For A Compound or Mixture
An alternative definition of the effective atomic number is one quite different to that described above. The atomic number of a material exhibits a strong and fundamental relationship with the nature of radiation interactions within that medium. There are numerous mathematical descriptions of different interaction processes that are dependent on the atomic number, Z. When dealing with composite media (i.e. a bulk material composed of more than one element), one therefore encounters the difficulty of defining Z. An effective atomic number in this context is equivalent to the atomic number but is used for compounds (e.g. water) and mixtures of different materials (such as tissue and bone). This is of most interest in terms of radiation interaction with composite materials. For bulk interaction properties, it can be useful to define an effective atomic number for a composite medium and, depending on the context, this may be done in different ways. Such methods include (i) a simple mass-weighted average, (ii) a power-law type method with some (very approximate) relationship to radiation interaction properties or (iii) methods involving calculation based on interaction cross sections. The latter is the most accurate approach (Taylor 2012), and the other more simplified approaches are often inaccurate even when used in a relative fashion for comparing materials.
In many textbooks and scientific publications, the following - simplistic and often dubious - sort of method is employed. One such proposed formula for the effective atomic number, Zeff, is as follows:
- is the fraction of the total number of electrons associated with each element, and
- is the atomic number of each element.
An example is that of water (H2O), made up of two hydrogen atoms (Z=1) and one oxygen atom (Z=8), the total number of electrons is 1+1+8 = 10, so the fraction of electrons for the two hydrogens is (2/10) and for the one oxygen is (8/10). So the Zeff for water is:
The effective atomic number is important for predicting how photons interact with a substance, as certain types of photon interactions depend on the atomic number. The exact formula, as well as the exponent 2.94, can depend on the energy range being used. As such, readers are reminded that this approach is of very limited applicability and may be quite misleading.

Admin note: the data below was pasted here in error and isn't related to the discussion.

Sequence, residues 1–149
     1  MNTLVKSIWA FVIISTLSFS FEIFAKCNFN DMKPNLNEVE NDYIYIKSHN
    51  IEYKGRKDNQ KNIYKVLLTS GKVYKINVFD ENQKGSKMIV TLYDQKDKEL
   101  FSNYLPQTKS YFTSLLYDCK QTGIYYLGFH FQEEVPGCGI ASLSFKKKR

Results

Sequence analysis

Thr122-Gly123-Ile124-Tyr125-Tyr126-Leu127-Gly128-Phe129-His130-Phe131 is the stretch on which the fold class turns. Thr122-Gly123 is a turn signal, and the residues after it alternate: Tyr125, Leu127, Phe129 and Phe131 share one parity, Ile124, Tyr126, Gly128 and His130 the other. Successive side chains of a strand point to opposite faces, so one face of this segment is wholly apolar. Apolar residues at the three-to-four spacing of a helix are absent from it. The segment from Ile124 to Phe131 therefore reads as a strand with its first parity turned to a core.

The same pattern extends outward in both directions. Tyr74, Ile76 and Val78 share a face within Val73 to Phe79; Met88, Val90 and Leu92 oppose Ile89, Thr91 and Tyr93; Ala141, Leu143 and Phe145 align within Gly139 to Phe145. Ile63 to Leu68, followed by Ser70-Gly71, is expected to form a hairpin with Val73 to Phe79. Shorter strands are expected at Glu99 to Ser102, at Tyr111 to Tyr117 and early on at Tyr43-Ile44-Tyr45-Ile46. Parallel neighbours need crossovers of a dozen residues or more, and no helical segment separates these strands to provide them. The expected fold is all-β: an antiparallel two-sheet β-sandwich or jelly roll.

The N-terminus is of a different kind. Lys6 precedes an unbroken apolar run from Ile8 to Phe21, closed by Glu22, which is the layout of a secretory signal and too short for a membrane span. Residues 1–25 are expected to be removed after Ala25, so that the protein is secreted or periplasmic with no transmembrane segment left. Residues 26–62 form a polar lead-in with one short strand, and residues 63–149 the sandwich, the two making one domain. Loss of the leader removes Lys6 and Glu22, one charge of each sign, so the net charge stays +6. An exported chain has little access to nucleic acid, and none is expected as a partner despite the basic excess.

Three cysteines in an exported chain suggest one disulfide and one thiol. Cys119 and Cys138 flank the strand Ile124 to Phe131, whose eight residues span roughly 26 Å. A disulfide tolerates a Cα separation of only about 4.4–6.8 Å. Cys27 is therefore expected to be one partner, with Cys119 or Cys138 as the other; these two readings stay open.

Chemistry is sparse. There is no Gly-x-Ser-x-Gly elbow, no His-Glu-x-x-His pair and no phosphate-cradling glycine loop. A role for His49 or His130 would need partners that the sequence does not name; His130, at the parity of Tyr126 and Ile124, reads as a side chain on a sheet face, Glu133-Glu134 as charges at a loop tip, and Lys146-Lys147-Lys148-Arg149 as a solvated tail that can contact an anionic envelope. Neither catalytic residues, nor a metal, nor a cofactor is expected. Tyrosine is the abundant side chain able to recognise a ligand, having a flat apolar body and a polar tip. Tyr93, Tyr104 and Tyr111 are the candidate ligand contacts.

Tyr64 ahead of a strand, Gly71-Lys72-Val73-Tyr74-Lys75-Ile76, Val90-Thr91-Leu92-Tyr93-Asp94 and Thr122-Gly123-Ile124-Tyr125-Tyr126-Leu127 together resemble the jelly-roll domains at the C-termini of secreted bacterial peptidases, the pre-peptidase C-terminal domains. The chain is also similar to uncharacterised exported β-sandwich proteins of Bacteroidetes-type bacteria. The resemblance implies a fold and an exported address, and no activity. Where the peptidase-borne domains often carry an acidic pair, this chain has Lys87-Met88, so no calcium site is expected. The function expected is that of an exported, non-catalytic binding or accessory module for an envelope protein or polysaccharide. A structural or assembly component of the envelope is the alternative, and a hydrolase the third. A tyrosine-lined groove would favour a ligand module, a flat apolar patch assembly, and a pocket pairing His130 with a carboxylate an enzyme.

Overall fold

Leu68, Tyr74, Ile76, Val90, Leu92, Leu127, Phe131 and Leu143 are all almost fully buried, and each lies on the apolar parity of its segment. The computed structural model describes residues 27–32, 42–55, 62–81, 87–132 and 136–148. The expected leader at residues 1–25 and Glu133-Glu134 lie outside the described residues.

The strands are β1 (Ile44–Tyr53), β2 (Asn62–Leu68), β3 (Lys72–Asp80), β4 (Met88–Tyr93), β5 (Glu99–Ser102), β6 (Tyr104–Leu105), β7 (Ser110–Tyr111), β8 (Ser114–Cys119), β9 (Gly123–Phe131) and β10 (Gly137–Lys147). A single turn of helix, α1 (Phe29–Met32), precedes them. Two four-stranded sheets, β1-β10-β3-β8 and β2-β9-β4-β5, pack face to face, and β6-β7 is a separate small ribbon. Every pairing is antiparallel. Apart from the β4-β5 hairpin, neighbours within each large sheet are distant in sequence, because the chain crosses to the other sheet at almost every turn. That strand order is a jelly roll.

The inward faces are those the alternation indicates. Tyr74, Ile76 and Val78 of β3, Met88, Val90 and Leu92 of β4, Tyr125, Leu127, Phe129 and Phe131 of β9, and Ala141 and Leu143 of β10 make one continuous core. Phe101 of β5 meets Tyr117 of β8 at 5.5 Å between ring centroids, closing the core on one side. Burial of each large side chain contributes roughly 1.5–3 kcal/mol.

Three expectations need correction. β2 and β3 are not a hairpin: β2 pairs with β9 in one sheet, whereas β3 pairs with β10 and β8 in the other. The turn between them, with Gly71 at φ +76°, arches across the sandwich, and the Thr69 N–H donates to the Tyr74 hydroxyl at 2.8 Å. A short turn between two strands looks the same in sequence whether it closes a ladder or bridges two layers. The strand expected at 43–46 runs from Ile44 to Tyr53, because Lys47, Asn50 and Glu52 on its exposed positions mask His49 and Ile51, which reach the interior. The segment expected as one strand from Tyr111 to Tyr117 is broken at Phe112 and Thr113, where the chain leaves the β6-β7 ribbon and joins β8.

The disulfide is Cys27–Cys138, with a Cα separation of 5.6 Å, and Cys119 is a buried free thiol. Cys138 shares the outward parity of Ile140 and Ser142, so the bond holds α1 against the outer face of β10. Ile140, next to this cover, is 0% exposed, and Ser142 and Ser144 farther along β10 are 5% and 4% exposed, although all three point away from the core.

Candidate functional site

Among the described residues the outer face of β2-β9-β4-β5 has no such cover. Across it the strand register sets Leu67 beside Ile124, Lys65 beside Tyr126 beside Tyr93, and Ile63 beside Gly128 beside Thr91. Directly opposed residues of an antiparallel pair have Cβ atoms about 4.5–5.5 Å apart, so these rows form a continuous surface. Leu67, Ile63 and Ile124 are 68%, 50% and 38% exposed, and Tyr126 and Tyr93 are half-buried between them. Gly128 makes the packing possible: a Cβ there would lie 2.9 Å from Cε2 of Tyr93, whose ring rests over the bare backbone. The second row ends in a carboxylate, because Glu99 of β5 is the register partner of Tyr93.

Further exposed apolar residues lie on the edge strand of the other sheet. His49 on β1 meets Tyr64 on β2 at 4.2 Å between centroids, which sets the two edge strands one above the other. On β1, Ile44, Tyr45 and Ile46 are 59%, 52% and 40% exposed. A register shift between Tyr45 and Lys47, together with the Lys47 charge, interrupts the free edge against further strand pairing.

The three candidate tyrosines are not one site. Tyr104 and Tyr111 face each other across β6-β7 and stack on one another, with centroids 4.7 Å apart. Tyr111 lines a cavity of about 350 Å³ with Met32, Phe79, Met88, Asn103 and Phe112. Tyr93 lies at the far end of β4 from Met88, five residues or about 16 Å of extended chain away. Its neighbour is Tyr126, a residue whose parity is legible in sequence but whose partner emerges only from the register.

This 'power law' method, while commonly employed, is of questionable appropriateness in contemporary scientific applications within the context of radiation interactions in heterogeneous media. This approach dates back to the late 1930s when photon sources were restricted to low-energy x-ray units (Mayneord 1937). The exponent of 2.94 relates to an empirical formula for the photoelectric process which incorporates a ‘constant’ of 2.64 x 10-26, which is in fact not a constant but rather a function of the photon energy. A linear relationship between Z2.94 has been shown for a limited number of compounds for low-energy x-rays, but within the same publication it is shown that many compounds do not lie on the same trendline (Spiers et al. 1946). As such, for polyenergetic photon sources (in particular, for applications such as radiotherapy), the effective atomic number varies significantly with energy (Taylor et al. 2008). As shown by Taylor et al. (2008), it is possible to obtain a much more accurate single-valued Zeff by weighting against the spectrum of the source. The effective atomic number for electron interactions may be calculated with a similar approach; see for instance Taylor et al. 2009 and Taylor 2011. The cross-section based approach for determining Zeff is obviously much more complicated than the simple power-law approach described above, and this is why freely-available software has been developed for such calculations (Taylor et al. 2012).
Read more about this topic: Effective Atomic Number
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